The Ark of the Covenant, which supposedly has contained the tablets with the Ten Commandments, is the subject of a new search

Ian Harvey
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The fabled Ark of the Covenant is a wooden and gold box that is believed to hold the two stone tablets called the Ten Commandments.

It was lost to history and has never been re-discovered, but archaeologists suspect that it could be at the ancient site of Kiriath-Jearim in West Jerusalem.

Kiryat Ye’arim is located in Jerusalem, Israel Photo Credit

Researchers from France and Israel are getting together to search for this historical artifact.  They believe the Ark rests in a Biblical site that has not yet been extensively explored.  Kiriath-Jearim in West Jerusalem will be opened for research between August 7th and September 1st.  According to the Book of Samuel, the box was stored there for only two decades.

But the ancient site is mentioned many times in the Bible as a place of worship; it is also known as Ba’alah, Ba’ale Judah, and Kiryat Ba’al.  The site has not undergone any archaeological excavation; researchers are excited about being the first to explore this vast central site nestled in the Jerusalem hills.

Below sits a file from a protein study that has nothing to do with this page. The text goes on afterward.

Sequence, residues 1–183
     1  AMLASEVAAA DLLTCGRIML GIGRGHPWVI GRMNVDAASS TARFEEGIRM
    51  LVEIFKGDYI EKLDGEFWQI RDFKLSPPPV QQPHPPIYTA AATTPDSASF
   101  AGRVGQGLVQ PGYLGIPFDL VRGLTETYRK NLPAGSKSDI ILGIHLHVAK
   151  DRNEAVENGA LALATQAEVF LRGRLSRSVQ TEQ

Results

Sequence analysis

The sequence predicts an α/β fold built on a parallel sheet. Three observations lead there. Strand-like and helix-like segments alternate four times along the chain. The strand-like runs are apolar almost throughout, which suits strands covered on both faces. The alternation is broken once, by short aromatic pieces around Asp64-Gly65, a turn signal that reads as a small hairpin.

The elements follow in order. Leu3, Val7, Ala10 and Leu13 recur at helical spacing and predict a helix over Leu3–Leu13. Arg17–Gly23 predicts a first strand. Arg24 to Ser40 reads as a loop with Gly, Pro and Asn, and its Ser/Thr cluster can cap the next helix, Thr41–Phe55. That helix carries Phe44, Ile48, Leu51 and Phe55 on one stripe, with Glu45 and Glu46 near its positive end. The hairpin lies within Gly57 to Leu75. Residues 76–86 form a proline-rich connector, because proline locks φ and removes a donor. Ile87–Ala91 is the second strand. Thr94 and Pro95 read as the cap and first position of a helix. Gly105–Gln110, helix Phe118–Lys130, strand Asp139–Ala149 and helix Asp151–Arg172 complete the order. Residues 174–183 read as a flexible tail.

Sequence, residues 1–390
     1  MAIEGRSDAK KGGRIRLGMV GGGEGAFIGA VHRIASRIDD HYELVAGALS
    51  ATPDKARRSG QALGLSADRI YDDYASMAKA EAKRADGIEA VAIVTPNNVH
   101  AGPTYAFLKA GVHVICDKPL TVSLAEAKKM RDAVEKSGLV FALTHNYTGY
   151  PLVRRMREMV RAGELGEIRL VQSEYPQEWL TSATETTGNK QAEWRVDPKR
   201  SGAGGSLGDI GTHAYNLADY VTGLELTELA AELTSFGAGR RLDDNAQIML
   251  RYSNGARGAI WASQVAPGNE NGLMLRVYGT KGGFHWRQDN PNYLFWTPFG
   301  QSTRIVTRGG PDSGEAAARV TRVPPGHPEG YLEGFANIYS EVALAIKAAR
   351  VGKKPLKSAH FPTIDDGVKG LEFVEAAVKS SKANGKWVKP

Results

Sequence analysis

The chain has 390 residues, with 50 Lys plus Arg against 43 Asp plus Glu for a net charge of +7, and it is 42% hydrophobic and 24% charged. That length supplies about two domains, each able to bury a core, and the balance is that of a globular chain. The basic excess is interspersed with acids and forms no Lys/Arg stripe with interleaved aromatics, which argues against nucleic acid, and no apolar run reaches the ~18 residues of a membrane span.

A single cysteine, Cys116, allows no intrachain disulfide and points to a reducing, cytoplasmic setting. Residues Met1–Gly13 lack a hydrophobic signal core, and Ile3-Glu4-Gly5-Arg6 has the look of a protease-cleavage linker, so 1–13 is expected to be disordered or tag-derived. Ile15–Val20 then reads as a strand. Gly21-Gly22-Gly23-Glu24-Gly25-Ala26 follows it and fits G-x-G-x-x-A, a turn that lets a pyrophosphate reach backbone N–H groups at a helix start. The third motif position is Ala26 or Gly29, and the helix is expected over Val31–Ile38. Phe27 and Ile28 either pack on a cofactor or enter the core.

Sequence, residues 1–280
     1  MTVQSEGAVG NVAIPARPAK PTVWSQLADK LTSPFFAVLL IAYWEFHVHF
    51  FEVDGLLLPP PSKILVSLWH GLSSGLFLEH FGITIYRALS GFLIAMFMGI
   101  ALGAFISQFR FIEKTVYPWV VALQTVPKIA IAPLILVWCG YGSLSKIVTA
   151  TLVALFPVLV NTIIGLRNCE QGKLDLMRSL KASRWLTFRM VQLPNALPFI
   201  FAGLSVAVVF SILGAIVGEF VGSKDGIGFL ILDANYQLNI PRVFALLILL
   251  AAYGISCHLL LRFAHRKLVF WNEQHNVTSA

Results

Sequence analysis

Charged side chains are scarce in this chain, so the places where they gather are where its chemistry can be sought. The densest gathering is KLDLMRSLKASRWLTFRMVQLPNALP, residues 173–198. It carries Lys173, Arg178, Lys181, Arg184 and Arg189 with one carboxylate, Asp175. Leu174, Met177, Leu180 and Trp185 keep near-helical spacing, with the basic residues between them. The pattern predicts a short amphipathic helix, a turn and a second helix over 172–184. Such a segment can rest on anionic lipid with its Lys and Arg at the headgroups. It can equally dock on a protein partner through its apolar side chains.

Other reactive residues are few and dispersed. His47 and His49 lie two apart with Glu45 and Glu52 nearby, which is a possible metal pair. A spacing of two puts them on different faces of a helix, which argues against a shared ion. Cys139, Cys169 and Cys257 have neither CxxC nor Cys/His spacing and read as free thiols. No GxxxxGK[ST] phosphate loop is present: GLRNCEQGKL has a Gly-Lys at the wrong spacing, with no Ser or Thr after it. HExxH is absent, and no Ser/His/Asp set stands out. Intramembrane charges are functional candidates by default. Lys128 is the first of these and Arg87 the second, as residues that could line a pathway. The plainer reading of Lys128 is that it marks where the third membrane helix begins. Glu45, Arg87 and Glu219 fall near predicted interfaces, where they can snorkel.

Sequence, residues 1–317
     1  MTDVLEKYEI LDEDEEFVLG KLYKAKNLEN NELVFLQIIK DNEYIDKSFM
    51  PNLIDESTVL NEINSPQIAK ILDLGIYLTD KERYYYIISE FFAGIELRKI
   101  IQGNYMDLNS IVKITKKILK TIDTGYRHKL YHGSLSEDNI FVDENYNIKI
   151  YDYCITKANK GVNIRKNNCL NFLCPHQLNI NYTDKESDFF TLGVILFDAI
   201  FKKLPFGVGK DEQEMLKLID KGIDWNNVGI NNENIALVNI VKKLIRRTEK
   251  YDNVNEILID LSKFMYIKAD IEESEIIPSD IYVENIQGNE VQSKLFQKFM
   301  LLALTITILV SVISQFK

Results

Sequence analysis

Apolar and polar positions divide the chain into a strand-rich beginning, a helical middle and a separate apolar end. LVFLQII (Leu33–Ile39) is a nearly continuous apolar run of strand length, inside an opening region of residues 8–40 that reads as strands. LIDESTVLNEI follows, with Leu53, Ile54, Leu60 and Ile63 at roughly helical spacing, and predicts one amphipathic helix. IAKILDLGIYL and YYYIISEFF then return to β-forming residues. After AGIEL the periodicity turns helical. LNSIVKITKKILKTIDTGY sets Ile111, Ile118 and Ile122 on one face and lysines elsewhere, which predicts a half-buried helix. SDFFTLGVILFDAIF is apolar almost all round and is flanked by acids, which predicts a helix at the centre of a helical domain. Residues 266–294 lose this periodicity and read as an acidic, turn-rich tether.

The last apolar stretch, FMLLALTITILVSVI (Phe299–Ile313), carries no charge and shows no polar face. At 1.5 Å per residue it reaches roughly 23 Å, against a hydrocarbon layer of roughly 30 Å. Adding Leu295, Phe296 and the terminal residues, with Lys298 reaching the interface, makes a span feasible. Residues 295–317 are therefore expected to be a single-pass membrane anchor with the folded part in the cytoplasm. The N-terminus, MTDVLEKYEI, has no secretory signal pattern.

Joshua passing the River Jordan with the Ark of the Covenant by Benjamin West, 1800

Another place where the sacred Ark is rumored to be is in Ethiopia, where the Orthodox Church claims to have the Ark in the Church of Our Lady Mary of Zion in the city of Aksum.

It is also thought to be in a cave on Mount Nebo in Jordan – the basis for this claim comes from an ancient text which states that the prophet Jeremiah buried it there.  Mount Nebo is believed to be the area where Moses saw the Promised Land.

Moses and Joshua are bowing before the Ark, painting by James Tissot, c. 1900

The Ark is thought to have been built a year after the Israelites had left Egypt. The Book of Exodus contains a description of how it was built.  It was large and had to be carried on poles. Linked to miracles in the Old Testament, it seems to have vanished from history around 597-586 BC, when the Babylonian Empire conquered the Israelites.

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Scientists believe that even if something which resembles the Ark is found, its authenticity can hardly be proved or disproved through a scientific study. They consider it a Biblical artifact which rests on the border of myth and reality, Mail Online reported. The search for the Ark of the Covenant inspired the plot of The Raiders of the Lost Ark movie in 1981, one of the popular Indiana Jones series.